Lucky Dogs Get Shot at Diabetes Cure
Study finds gene therapy eliminated mimic of type 1 disease in five beagle pups; implications for humans unclear
THURSDAY, Feb. 14, 2013 (HealthDay News) -- In news that might one day help humans who struggle with type 1 diabetes every day, Spanish researchers report that a single session of gene therapy injections cured five beagle puppies who had the blood sugar disease.
Even four years later, the dogs showed no signs of diabetes.
"Our data represent the first demonstration of long-term correction of diabetes in a large animal model using gene transfer," the scientists wrote in the Feb. 7 online issue of Diabetes.
However, the dogs all had a chemically induced version of diabetes that's meant to model human type 1 diabetes.
In humans, type 1 diabetes is an autoimmune disease, which means the body's own immune system mistakenly attacks healthy cells as though they were bacteria or viruses.
In the case of type 1 diabetes, the immune system destroys the insulin-producing beta cells located in the pancreas. Insulin is a hormone that's needed to transport glucose into the body's cells to be used as fuel. Glucose is sugar that comes from the carbohydrates you consume. Carbohydrates are nutrients found in a variety of foods, including fruits, vegetables, breads and sweets.
Once the beta cells are destroyed, the body no longer makes insulin (or makes very little of the hormone), and anyone with type 1 diabetes needs insulin injections or an insulin pump for the rest of their lives.
However, insulin needs change constantly, depending on the type and amount of food eaten and level of physical activity. Even emotions can affect insulin levels. Too little insulin can cause high blood sugar levels, while too much insulin can cause low blood sugar levels. Neither condition is healthy and, if severe enough, either can cause death.
In the current study, the researchers developed a gene therapy that served two purposes: one was to sense the amount of glucose in skeletal muscles and the other was to release insulin. This research group had already tested this therapy in mice, where it was found to be successful in controlling blood sugar levels.
To test the therapy, the researchers needed dogs with diabetes. However, the types of diabetes that occur naturally in dogs aren't the same as type 1 diabetes. So, the researchers induced diabetes in a group of beagle puppies between 6 and 12 months old. The dogs were then given daily insulin injections.
The gene therapy involved a single session of numerous injections in the dog's rear legs. The needles used are like those used in human cosmetic procedures.
The dogs quickly got better and maintained normal blood sugar levels without insulin. The researchers continued to measure blood sugar control and the animals' health for more than four years. The dogs stayed healthy, and seem to have no long-term problems from the gene therapy.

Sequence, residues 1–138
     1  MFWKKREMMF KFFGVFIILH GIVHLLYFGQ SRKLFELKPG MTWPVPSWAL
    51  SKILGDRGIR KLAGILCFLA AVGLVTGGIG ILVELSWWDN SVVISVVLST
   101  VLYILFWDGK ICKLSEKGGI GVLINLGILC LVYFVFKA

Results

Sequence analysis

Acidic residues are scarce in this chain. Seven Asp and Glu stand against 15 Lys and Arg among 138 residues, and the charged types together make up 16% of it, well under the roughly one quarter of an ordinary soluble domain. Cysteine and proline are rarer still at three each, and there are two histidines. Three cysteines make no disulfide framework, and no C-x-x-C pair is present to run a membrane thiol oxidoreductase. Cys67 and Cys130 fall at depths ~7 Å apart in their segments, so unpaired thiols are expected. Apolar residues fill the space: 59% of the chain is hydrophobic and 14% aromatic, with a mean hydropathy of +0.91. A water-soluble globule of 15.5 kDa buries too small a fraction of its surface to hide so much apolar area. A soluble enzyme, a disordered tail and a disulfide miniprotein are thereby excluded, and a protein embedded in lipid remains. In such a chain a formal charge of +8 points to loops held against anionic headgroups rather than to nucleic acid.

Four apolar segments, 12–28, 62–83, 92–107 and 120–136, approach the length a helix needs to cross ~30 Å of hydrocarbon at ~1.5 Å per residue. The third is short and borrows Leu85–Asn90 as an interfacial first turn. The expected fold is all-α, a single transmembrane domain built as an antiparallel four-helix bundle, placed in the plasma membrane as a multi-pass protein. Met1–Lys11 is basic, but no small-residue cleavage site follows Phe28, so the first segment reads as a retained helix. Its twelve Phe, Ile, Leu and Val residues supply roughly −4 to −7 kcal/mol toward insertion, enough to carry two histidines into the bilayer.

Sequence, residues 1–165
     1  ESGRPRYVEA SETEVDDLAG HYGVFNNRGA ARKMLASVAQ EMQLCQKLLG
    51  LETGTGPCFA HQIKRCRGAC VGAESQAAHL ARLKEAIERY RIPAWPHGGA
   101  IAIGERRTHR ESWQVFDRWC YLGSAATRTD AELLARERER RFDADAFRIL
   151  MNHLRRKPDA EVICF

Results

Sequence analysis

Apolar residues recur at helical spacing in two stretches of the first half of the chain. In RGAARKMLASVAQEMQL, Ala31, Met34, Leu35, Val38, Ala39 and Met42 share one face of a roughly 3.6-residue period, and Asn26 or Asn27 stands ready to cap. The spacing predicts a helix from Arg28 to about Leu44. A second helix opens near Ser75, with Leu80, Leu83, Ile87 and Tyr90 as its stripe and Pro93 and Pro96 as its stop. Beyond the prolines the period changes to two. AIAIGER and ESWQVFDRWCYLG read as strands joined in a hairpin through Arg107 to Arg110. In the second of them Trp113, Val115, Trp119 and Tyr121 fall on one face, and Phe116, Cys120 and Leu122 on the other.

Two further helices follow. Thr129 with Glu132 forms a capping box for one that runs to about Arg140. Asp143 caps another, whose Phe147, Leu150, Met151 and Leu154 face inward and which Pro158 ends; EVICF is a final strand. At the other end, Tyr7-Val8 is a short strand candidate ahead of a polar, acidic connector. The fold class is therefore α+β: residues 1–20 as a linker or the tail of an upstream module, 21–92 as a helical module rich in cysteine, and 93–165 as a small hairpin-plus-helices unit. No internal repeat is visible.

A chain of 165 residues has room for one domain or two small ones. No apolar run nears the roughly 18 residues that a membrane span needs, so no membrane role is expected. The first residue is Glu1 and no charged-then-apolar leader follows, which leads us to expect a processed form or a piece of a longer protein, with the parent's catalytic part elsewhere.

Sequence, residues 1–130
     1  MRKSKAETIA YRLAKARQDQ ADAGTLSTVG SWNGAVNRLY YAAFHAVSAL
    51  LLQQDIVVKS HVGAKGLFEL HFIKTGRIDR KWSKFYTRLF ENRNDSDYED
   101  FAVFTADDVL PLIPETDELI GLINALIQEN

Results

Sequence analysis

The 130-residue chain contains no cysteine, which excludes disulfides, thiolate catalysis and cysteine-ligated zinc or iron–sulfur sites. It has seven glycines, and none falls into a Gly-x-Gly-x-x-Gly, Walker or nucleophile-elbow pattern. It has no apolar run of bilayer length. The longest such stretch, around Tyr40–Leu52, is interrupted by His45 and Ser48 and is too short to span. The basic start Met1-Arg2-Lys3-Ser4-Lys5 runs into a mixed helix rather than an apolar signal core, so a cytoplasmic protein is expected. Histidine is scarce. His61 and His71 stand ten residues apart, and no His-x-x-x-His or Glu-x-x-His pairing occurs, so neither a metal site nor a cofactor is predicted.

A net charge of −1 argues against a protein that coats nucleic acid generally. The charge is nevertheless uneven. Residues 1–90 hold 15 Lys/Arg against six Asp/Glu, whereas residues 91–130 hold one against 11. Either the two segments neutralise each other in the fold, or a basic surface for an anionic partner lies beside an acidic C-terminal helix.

Lead researcher Fatima Bosch, director of the Center of Animal Biotechnology and Gene Therapy at the Universitat Autonoma de Barcelona in Spain, said the next step in their research is to test the gene therapy on dogs with naturally occurring diabetes. The dogs will also be pets, so their living conditions and glucose levels will be varied, more closely mimicking what a person with type 1 diabetes would encounter.
Dr. Camillo Ricordi, director of the Diabetes Research Institute and the cell transplant center at the University of Miami, called the new research "an important study, and a remarkable initial finding. But, this is not a type 1 model of diabetes. This is a model where you induce diabetes chemically and you may have residual [beta] cell function."
Ricordi explained that because it's not naturally occurring type 1 diabetes, there's no worry of the immune system destroying the insulin-releasing cells in the muscle. But, in a person with type 1 diabetes, the immune system could still attack and destroy these new cells.
Dr. Massimo Trucco, chief of the division of immunogenics at Children's Hospital of Pittsburgh, said the issue of autoimmunity is an important one. But, of greater concern to him is that while this therapy worked in very controlled conditions -- the dogs' diets and exercise sessions were controlled -- in real-life conditions, this therapy might not work as well.
"Dogs get the food you want them to have. They probably spent most of their time in a cage. But, kids eat what they want and play when they want, meaning their [blood sugar level] varies dramatically. If you inject this therapy into the muscles, the muscle cells don't have the same apparatus to control the insulin levels that beta cells do. This would release insulin too slow to give good control, and could cause [low blood sugar levels] when it does release," he said.
Trucco said he doesn't believe this therapy could translate to humans.
"Human beings are not clones of dogs. Beta cells are more complicated than muscle cells. Muscles just can't secrete insulin quickly and efficiently like beta cells do," he said.
But, he added that this was a very well-done gene therapy study that showed that the particular form of gene therapy used in this research appears to be safe for long-term use.
Learn more about gene therapy from the Human Genome Project.